History: The concept of timelines is introduced by learning to sequence events in student’s own lives first and then their family’s and community’s. Discussion focuses on the concept of change; how people and things change over time.
Cultural Diversity and Perspective is studied using literature as a catalyst for discussion, simulations and projects. Emphasis is placed on the concepts of viewpoint and perspective, with concrete examples seen around holidays and celebrations. Students are challenged to make comparisons and contrasts.
Geography: Students learn spatial perspective through games and drawings and apply these concepts to the classroom and then the community. Global concepts are introduced throughout the year through games and regular reference to the world map and globe.
Theme: Themes rotate between Communities, Energy-Machines-Inventions, Earth Sciences and The Ancients. Topics covered in past years have included:
- Our classroom community
- Our local agricultural community: comparing and contrasting small family farms and commercial farms
- Communities around the World: An art and literature study
- The Giraffe Club: Community leaders stick their neck out
- Community cooking: Bread around the world
- Animal communities: A research project
- Pollution: A community issue
Energy, Inventions and Machines
- Primary Physics: Sound, light and heat
- Inventor spotlight: Leonardo DaVinci and others
- Bridges: A mathematical, scientific, and historical research project
- Inventive processes: Vine to wine, goat to cheese, etc
- Botany/biology: Growing a plant in different conditions, photosynthesis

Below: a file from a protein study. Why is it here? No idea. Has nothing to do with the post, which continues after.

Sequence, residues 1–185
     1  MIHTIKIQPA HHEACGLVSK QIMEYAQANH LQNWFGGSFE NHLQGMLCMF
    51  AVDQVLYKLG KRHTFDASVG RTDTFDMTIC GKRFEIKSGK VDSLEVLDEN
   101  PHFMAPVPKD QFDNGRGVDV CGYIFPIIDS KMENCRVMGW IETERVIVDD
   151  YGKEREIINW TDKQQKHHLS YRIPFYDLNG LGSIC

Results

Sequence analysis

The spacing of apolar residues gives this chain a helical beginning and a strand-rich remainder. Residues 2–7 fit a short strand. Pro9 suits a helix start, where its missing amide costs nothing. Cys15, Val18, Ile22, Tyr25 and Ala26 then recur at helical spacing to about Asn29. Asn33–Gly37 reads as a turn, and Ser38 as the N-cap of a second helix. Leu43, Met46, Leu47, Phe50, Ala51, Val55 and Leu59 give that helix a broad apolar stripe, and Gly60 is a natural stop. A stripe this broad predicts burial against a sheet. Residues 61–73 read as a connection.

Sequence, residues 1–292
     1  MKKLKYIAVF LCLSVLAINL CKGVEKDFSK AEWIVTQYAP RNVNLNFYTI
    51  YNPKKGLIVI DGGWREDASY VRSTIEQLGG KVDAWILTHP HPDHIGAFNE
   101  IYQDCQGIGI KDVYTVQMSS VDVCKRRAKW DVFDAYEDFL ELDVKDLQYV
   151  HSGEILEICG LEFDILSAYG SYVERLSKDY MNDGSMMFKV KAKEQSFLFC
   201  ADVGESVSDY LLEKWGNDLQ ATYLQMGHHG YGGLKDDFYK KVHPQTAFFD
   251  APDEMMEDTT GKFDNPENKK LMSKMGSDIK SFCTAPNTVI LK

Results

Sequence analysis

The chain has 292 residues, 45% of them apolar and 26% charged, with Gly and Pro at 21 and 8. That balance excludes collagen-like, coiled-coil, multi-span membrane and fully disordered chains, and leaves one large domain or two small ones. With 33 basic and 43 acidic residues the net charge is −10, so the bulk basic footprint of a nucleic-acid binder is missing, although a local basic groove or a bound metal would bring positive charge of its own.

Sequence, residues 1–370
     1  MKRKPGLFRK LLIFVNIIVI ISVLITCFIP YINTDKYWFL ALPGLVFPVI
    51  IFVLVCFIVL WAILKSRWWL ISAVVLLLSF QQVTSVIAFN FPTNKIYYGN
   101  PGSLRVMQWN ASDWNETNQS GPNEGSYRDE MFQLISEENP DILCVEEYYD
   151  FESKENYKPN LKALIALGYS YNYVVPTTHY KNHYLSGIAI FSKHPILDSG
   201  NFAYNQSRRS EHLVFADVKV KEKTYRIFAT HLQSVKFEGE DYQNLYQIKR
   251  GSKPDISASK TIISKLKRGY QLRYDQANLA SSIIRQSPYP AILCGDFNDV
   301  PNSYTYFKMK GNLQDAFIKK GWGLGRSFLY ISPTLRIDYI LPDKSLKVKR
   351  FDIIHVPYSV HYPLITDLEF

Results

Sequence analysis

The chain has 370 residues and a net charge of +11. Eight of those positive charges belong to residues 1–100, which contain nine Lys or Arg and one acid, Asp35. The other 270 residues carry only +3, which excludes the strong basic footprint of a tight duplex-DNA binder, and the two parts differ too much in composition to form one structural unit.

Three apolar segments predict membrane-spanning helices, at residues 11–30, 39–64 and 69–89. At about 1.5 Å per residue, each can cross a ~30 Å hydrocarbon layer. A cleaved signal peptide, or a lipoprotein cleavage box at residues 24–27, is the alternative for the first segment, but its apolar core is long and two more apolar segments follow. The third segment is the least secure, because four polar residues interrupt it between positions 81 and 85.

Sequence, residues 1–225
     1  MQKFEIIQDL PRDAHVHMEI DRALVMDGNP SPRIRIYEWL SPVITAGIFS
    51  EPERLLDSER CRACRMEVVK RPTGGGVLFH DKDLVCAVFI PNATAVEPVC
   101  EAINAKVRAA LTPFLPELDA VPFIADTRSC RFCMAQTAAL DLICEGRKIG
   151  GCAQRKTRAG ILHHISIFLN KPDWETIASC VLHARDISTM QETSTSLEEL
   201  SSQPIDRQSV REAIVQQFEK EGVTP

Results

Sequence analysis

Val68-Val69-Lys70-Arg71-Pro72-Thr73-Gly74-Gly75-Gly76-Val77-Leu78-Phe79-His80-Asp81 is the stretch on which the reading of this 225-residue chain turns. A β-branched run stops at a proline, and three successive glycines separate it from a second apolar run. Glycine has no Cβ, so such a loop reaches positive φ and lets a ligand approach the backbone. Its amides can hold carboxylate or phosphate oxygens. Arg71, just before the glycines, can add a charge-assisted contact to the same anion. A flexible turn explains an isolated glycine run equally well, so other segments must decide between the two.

The Ancients- Native peoples/First nations
- The salmon life cycle
- Por Quoi legends: a reading and writing comparison
- Children Of The Earth And Sky: A five tribe comparison; a look into viewpoint and perspective
- Moons of the Year: Studies Native American history of studying months of the year
- Native American Stereotypes: Myth and fact
- Plants and People: Native plants and their uses
- Moon Journals: Science, art and poetry
- Native American Houses: A research project
P.E. takes place weekly in the afternoons and includes exposure to the fundamentals of many sports and recreational activities. Students also learn some basic health and fitness vocabulary and are encouraged to consider fitness as a life-long commitment.
Art is taught by CVIS’s art teacher and takes place 1-2 afternoons per week. The main goal of early art is to promote art literacy by introducing students to a variety of art mediums, like clay, paint, felting and paper maché, and to expose students to expression through visual art. Students have an integral part in the creation of the set and props for the all-school play each spring.
All students enjoy choir weekly with the K-8th grade students. Additionally, they enjoy singing as part of the musical production each spring. Professional instruction teaches students to maximize their singing potential via proper body posture and breathing, vocal warm-ups, dynamics, intonation and exploring a variety of musical styles. Students learn beginning harmonies through round singing and simple two-part singing. Music is explored from a variety of themes, cultures, and holiday traditions.
Children learn beginning Spanish vocabulary, speech, and songs through the Subé program.